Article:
china2One of the genuine pleasures of watching ‘old’ movies, particularly the first time, is noting all the familiar faces of actors from whatever period the movie hails from. In the case of The China Syndrome, it was seeing the great American character actor Richard Herd, who played chief corporate bad guy Evan McCormack. Herd’s performance is great- he’s like a great boo-hiss Panto villain every time he’s onscreen, and all the while its bringing back all those 1970s/1980s memories I have of him from tv and films of that era. Herd turned up in Starsky and Hutch, Kojak etc and most memorably regular stints in the hit mini-series V and TJ Hooker. Although I haven’t seen him in a while he’s still working but obviously in nothing I’m watching. Anyway, seeing him in The China Syndrome was fun, and he has a great line: “Scram the son of a bitch” which I’ll adopt into my everyday conversation and bug non-movie literate people with for years to come.

china4Other familiar faces include the great James Karen (Return of the Living Dead, Poltergeist, Mulholland Drive), Wilford Brimley (The Thing, Cocoon) Peter Donat (too many tv shows to mention) and Donald Hotton (the notoriously ineffectual bumbling Fed scientist from Brainstorm, and other roles in Invaders From Mars and Dances With Wolves)- it’s a great cast for a movie buff to see and name-drop, one of the many pleasures of this film.

Of course, what finally brought me to watching The China Syndrome (via Indicator’s recent Blu-ray release) was the star billing of Jack Lemmon, and it being one of his films I hadn’t yet seen. Lemmon is, as usual, great in this. He plays a company man,  Jack Godell, who teeters on the edge between company loyalty and the safety of the public, visibly cracking under the pressure and finally realising the cold reality of the company he is working for and the industry he is working in. It rather breaks him, and the strain is almost tangible- Lemmon was brilliant at playing everyman heroes faced with moral dilemmas. At the end as he lies on the floor of the control room and he whispers “I can feel it!” (or something along those lines) the sheer horror etched on his terrified eyes is incredible. He goes over to the other side staring into the abyss and it’s horrible.

china3The China Syndrome is that particular kind of 70s thriller that was of its time, a cold-reality conspiracy nightmare of what is hidden under the surface of everyday life that we really don’t seem to see nowadays (films now more concerned with escapism than facing what’s really going on). The fashions, cars and cast etc are all very 1970s but the story it tells in this era of fake news and soundbites and lies is as timely as ever. As usual for a film of that period, all the actors look ordinary- real as opposed to aspirational. Wilfred Brimley, for instance (another familiar face!) is so perfect as Lemmon’s colleague, he’s totally ordinary and convincing, doesn’t feel like an actor at all. I think even Jane Fonda, as Brenda Starr-inspired redhead fluff-news reporter Kimberly Wells, is rather surprisingly down to Earth and convincing, with some sexist treatment and comments that raise something of a flag in our now more enlightened days “I like your hair like that,” comments her boss at a work party as if thats praise enough for doing her job.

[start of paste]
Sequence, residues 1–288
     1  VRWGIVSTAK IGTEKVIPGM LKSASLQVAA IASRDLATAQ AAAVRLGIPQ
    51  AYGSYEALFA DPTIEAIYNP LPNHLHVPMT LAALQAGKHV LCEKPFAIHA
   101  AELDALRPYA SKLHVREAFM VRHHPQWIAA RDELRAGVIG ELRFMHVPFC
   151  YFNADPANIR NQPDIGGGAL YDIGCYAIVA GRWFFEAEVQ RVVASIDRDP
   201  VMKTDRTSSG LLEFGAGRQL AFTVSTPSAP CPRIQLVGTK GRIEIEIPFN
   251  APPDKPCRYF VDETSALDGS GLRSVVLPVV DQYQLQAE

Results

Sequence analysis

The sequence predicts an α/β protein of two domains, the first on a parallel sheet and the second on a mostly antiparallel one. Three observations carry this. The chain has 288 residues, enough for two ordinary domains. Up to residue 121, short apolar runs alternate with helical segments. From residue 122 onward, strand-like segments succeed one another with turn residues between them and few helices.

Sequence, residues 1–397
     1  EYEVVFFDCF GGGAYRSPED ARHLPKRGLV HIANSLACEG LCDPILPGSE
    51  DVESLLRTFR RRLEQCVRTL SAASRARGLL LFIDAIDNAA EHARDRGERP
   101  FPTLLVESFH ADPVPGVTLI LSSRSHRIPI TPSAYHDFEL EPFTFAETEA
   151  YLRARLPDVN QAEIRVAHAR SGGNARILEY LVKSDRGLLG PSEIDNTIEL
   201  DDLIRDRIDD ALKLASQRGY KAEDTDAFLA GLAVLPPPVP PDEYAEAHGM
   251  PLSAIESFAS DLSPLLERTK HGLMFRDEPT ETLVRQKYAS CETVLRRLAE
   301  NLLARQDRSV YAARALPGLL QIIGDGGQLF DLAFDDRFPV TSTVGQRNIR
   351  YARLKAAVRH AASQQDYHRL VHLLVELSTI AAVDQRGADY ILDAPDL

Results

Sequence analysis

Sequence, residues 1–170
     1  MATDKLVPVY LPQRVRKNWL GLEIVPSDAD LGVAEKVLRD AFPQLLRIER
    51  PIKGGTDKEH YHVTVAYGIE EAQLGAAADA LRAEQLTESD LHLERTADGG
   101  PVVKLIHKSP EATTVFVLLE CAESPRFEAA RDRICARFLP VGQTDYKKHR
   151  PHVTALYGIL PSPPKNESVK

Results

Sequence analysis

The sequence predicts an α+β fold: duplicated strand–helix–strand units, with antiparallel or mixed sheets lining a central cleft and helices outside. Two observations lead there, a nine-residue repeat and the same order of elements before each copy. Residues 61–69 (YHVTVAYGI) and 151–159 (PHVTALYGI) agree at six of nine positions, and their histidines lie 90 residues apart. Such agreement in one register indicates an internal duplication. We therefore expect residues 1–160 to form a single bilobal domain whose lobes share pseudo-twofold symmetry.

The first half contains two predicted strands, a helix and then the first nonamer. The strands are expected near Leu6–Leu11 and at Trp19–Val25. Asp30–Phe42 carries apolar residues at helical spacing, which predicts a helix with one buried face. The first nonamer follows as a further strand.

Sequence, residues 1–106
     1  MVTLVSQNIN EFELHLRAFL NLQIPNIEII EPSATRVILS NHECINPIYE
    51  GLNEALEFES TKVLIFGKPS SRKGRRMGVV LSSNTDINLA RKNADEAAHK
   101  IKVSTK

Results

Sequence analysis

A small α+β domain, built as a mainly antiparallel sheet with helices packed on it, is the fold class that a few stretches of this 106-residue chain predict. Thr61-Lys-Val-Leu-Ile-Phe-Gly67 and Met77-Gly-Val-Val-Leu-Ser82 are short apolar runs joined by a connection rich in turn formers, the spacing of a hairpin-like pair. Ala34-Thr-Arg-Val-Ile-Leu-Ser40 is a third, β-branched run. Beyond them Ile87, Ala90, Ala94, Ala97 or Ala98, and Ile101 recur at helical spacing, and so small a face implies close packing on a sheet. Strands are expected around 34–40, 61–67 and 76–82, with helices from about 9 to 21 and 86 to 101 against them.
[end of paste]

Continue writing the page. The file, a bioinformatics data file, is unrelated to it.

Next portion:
I was surprised at how tense and and terrifying the last ten minutes of the film really was; its the stuff of nightmare and as its a 1970s film you’re never too sure how it’s going to end – films back then had a habit for non-fulfilling endings so you often mutter “they are not really going to..?” because back then they might.  As the control goes dark save for the warning lights and alarms screaming out its genuinely disturbing and it feels like the end of the world. Riveting stuff.

Creed (2015)

creed.jpgI had a curious thought watching this boxing drama/fantasy- the way in which it respected its forebears, particularly the Rocky franchise from which this film originates, brought to mind the way BR2049 clearly demonstrated its own respect for the original Blade Runner and its creators.  To my surprise, Creed was clearly no cash-grab, and it was wonderful to see Sylvester Stallone return to his perhaps most famous character and see it treated so respectfully. Sure, these things are only movies and the importance and artistic value of the Rocky franchise is purely subjective really, but it’s nice to see someone making a film like this and it not feeling like a cynical enterprise.

In a curious way, there is the stuff of modern myth about Creed and how it furthers the story of Rocky. Bringing an ageing Rocky back to the screen to reflect on “Everything I got has moved on,” as he recalls his dead wife and freinds, and the old distant glories of his boxing career, Stallone reminds us he can be a great actor with the right material. “And I’m here,” he states, cooly, facing his own mortality and illness. Suddenly, in just the same way that BR2049 informed and improved its original film, Creed does the same for Rocky. Watching the original Rocky films, with the fresh knowledge of this film now existing decades later, and its own story, must surely add something.

It turns out Creed isn’t just a movie. Its something else, and it’s something to do with this myth-making and the parts of movies that linger within us after they have ended. Films aren’t just films, not always. They are time passing and life moving on and changing. I was never a huge fan of the Rocky films (they seemed to descend into self-parody and one of them – the 2006 Rocky Balboa– passed me by entirely) but I can imagine that for fans who first watched Rocky back in 1976 and grew old alongside Stallone over the decades since and several further Rocky films, something like Creed can be quite moving. Cathartic even.  Who doesn’t get a tingle from hearing Bill Conti’s Rocky theme when it returns? I believe Creed is the seventh film of the Rocky franchise and the start of a saga of its own (Creed II being released this month, and the impetus for me to finally catch up with this film (yeah, I said I’m not a big Rocky fan)) and it’s clear that here business becomes art and perhaps, yes, more even than that- modern American myth-making.

So yes, I really was quite taken aback by Creed and had I watched it back in 2015, I’m sure I would have done so hoping that BR2049 could follow suit with its respect for the past (and thank goodness it did). Sequels, remakes and reboots don’t have to be a bad thing after all. And I really now need to rewatch Rocky sometime. Here’s hoping the Beeb schedule it over Christmas…